• I'll admit that hot dogs perhaps aren't the best choice day-in-and-day out. For finer dining, downtown lunch-goers have long turned to Pachamamas at 800 New Hampshire St. But Pachamamas for lunch is no longer an option. The restaurant ended its lunch service earlier this week.
But fear not, Pachamamas is still very much alive and well, said owner and chef Ken Baker. Baker told me he simply wanted to focus on dinner, catering and an expanded happy hour concept. Baker said being one block off Massachusetts Street made lunchtime trade difficult at times.
"It is something we may revisit in the future as more projects are built on New Hampshire Street and more more foot traffic is generated," Baker said.
But for now, Baker hopes customers take to the idea of an early happy hour. Plans call for happy hour to take place from 3 p.m. to 5 p.m. Monday through Saturday. In addition to drink specials, the kitchen will produce small plate specials such as lamb meatballs with a sheep's milk yogurt sauce, house-made pimento cheese, and grilled flatbread with mozzarella and parmesan.
Dinner service will begin at 5 p.m and last until 9:30 p.m. Monday through Thursday and until 10 p.m. on Friday and Saturday. In addition to the change in lunch, the other big change for the restaurant is that it now will be open on Mondays. Previously, it was closed on Mondays.
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Maybe their hammers were still thawing out from January, or maybe they were just too busy building a full-size, chocolate sculpture of Johnny Depp for Valentine's Day. (We all had to do that, right?) Whatever the reason, Lawrence home builders slowed down the pace a bit in February, according to the latest report from City Hall.
Lawrence officials issued just five new permits for single family homes in February, which is the lowest February total in at least the past five years. The five-year average has been 10 new permits. For all of 2014, the city has issued 14 permits for single family and duplex construction, which is the lowest level since 2011.
January and February aren't usually critical months for the the Lawrence construction industry. so these lagging numbers aren't any reason for concern yet. But it will be interesting to watch whether the city's home building industry can post its third straight year of increased single family home construction. In 2013, builders started 155 new single family homes. That was up from 123 in 2012 and from the low point of 2011, when only 95 new homes were started in the city.
Other construction projects in the city also have gotten off to a slower start. City officials have issued permits for $9.6 million worth of projects. That's down from $22.7 million worth of projects started by this time last year. The biggest difference has been that apartment construction in the city has taken a pause. Last year at this time, the city had 286 apartment units under construction, which added more than $10 million to the construction totals. Thus far, no new apartment projects have been started in the city in 2014.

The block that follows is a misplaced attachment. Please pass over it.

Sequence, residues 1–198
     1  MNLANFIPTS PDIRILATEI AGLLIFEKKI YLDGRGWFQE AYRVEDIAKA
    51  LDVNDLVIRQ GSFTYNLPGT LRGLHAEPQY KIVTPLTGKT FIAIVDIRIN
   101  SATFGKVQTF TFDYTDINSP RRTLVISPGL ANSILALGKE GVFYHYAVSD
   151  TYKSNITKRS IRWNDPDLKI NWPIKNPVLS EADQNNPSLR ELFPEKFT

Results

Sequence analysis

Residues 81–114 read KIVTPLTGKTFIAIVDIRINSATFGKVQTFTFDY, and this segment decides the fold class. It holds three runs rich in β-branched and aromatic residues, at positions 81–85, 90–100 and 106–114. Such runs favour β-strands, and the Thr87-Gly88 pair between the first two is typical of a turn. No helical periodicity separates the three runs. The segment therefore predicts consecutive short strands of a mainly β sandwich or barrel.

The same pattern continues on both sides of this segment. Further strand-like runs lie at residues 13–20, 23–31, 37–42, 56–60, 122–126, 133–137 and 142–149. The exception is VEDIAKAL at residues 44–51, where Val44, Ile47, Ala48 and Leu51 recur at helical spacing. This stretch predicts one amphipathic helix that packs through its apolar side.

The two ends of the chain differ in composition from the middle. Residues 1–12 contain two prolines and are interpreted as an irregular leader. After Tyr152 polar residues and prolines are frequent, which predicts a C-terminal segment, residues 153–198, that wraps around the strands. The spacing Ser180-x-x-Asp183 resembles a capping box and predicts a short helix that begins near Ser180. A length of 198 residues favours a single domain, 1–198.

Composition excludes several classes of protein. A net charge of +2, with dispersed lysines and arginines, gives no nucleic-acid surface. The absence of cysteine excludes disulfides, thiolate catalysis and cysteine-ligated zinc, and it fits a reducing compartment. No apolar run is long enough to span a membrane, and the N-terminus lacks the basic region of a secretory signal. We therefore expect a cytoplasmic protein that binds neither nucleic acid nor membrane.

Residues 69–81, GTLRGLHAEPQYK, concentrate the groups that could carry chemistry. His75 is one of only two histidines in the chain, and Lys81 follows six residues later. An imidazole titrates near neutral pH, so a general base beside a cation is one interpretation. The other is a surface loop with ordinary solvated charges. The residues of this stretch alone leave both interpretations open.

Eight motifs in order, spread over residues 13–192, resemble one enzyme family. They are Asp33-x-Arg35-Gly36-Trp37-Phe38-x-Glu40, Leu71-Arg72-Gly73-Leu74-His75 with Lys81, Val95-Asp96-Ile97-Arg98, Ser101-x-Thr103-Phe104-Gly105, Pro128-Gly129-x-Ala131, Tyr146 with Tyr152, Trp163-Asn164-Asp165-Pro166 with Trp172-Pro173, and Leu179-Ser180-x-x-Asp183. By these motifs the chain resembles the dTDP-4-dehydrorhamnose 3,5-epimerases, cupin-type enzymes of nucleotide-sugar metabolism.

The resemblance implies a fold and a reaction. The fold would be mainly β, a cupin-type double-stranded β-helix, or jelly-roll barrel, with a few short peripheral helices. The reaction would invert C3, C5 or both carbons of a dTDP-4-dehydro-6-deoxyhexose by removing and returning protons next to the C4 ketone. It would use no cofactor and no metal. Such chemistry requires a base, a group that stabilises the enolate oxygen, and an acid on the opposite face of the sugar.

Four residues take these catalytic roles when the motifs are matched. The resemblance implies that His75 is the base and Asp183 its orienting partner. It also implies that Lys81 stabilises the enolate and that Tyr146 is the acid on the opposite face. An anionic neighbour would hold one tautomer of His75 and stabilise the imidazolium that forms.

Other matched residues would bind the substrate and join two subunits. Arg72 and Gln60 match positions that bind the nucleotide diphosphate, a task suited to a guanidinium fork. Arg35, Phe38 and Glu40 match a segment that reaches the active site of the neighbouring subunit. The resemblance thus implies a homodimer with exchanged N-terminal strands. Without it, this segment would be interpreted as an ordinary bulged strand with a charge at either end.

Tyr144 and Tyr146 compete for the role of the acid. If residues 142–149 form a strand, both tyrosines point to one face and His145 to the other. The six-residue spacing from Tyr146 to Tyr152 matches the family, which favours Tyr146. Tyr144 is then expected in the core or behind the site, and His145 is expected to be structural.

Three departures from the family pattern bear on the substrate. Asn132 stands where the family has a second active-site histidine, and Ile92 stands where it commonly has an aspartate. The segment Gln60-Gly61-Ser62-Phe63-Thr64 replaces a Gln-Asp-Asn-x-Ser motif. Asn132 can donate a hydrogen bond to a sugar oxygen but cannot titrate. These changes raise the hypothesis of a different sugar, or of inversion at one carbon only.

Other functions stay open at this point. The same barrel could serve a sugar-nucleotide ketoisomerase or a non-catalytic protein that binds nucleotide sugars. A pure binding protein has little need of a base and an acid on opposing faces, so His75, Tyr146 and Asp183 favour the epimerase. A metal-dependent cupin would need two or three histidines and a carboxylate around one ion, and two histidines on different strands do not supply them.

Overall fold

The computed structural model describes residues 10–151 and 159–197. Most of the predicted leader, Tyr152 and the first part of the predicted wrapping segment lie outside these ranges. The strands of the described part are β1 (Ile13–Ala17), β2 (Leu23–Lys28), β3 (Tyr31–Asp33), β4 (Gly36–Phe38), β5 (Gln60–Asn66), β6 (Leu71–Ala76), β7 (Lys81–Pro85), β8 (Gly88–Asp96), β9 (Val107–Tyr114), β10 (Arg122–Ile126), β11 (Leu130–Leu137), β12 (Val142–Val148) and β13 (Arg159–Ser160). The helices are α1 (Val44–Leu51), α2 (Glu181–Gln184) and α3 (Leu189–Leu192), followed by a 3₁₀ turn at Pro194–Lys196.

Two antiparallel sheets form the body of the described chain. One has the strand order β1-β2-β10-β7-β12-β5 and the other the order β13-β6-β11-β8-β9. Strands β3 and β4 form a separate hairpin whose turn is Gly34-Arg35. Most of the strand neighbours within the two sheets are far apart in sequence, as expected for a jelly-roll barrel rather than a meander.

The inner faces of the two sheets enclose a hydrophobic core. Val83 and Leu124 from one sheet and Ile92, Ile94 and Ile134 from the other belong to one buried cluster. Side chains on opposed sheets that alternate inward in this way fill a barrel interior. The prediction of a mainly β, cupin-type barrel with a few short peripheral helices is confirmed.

In other news and notes from around town:
• The largest construction project started thus far in 2014 is a major addition at the Corpus Christi Catholic School, 6001 Bob Billings Parkway. City officials have issued a permit for $2.3 million worth of construction work at the West Lawrence school and church.
School principal Mary Mattern told me the project will include three additional classrooms, a multimedia library and technology area, a two-story music space and new offices for administration and teacher work areas. The space will be used both by the school and the church for religious classes and parish activities.
The school serves preschoolers through eighth-graders, and enrollment has been growing. Mattern said the school has averaged an 8 percent enrollment growth each of the past five years. Enrollment now stands at a little more than 300 students.
The construction project is expected to be completed by the beginning of the next school year.
• While we're on the subject of building permits, the city has released information from its annual audit of its building inspections division. The new report found that building inspection fees aren't quite covering the full cost of the service the city provides. In other words, general taxpayers are subsidizing the building inspection division to a degree.
The division's revenue for 2013 was about 4 percent less than its expenses, which checked in at about $890,000. So, general taxpayers covered about $36,000 of the department's expenses. Builders, through fees paid for permits and licenses, covered the other 96 percent of the expenses. City officials strive to have the program paid for through fees as much as possible. And the city's building community keeps a close eye on the division's finances to ensure that the fees they pay aren't exceeding the actual expenses. City officials said the 2013 totals show there is a rough balance between the two, and are not recommending any fee increases for the department in 2014.
The report does note that there were 45 projects in the city — mainly affordable housing projects or government projects — that were not required to pay a fee. Those projects had $108,000 worth of fees waived.